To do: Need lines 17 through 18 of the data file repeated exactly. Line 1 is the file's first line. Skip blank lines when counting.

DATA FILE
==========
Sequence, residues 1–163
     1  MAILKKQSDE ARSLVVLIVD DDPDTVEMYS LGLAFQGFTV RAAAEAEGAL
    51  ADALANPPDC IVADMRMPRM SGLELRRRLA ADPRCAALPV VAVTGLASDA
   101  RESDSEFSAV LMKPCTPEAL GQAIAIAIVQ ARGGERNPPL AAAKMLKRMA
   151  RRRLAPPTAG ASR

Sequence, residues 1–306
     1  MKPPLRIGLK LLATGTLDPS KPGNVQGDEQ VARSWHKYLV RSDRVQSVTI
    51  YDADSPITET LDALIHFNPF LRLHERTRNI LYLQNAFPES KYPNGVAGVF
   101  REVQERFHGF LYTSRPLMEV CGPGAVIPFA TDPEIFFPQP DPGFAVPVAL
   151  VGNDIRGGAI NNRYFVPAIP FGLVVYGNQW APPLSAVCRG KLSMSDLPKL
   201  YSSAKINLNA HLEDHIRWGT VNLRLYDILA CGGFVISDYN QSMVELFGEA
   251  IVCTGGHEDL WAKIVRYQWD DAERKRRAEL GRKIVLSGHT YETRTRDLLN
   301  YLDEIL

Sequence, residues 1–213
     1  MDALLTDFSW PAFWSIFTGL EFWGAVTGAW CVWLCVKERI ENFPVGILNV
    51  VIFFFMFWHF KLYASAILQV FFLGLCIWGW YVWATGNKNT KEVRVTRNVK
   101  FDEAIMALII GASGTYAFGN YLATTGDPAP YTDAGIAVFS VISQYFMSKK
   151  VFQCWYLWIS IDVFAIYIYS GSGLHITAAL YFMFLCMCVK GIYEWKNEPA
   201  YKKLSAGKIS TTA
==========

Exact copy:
   101  FDEAIMALII GASGTYAFGN YLATTGDPAP YTDAGIAVFS VISQYFMSKK
   151  VFQCWYLWIS IDVFAIYIYS GSGLHITAAL YFMFLCMCVK GIYEWKNEPA